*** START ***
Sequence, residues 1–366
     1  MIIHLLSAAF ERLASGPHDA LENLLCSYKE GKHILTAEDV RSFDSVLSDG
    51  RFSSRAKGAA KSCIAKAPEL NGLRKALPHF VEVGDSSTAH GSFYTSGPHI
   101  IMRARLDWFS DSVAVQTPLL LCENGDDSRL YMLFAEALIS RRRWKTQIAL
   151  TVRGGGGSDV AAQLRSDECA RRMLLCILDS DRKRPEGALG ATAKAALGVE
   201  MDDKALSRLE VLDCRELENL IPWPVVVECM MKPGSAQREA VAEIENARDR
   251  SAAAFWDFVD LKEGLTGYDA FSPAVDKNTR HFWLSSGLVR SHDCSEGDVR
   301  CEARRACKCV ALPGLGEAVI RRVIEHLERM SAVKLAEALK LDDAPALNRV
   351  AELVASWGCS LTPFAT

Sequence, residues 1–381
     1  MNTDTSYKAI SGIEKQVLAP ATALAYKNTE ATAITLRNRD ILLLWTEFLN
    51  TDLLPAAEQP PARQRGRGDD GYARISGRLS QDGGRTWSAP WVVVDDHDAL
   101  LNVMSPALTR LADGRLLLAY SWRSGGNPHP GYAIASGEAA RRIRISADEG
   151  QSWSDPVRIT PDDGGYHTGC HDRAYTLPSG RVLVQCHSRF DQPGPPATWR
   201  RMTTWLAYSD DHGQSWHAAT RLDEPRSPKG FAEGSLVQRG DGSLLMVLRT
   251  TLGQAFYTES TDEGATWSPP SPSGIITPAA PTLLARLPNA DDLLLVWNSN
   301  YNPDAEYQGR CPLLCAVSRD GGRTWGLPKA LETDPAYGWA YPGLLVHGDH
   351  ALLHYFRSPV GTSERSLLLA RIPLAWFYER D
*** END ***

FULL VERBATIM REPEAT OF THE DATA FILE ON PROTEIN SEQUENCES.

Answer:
Sequence, residues 1–366
     1  MIIHLLSAAF ERLASGPHDA LENLLCSYKE GKHILTAEDV RSFDSVLSDG
    51  RFSSRAKGAA KSCIAKAPEL NGLRKALPHF VEVGDSSTAH GSFYTSGPHI
   101  IMRARLDWFS DSVAVQTPLL LCENGDDSRL YMLFAEALIS RRRWKTQIAL
   151  TVRGGGGSDV AAQLRSDECA RRMLLCILDS DRKRPEGALG ATAKAALGVE
   201  MDDKALSRLE VLDCRELENL IPWPVVVECM MKPGSAQREA VAEIENARDR
   251  SAAAFWDFVD LKEGLTGYDA FSPAVDKNTR HFWLSSGLVR SHDCSEGDVR
   301  CEARRACKCV ALPGLGEAVI RRVIEHLERM SAVKLAEALK LDDAPALNRV
   351  AELVASWGCS LTPFAT

Sequence, residues 1–381
     1  MNTDTSYKAI SGIEKQVLAP ATALAYKNTE ATAITLRNRD ILLLWTEFLN
    51  TDLLPAAEQP PARQRGRGDD GYARISGRLS QDGGRTWSAP WVVVDDHDAL
   101  LNVMSPALTR LADGRLLLAY SWRSGGNPHP GYAIASGEAA RRIRISADEG
   151  QSWSDPVRIT PDDGGYHTGC HDRAYTLPSG RVLVQCHSRF DQPGPPATWR
   201  RMTTWLAYSD DHGQSWHAAT RLDEPRSPKG FAEGSLVQRG DGSLLMVLRT
   251  TLGQAFYTES TDEGATWSPP SPSGIITPAA PTLLARLPNA DDLLLVWNSN
   301  YNPDAEYQGR CPLLCAVSRD GGRTWGLPKA LETDPAYGWA YPGLLVHGDH
   351  ALLHYFRSPV GTSERSLLLA RIPLAWFYER D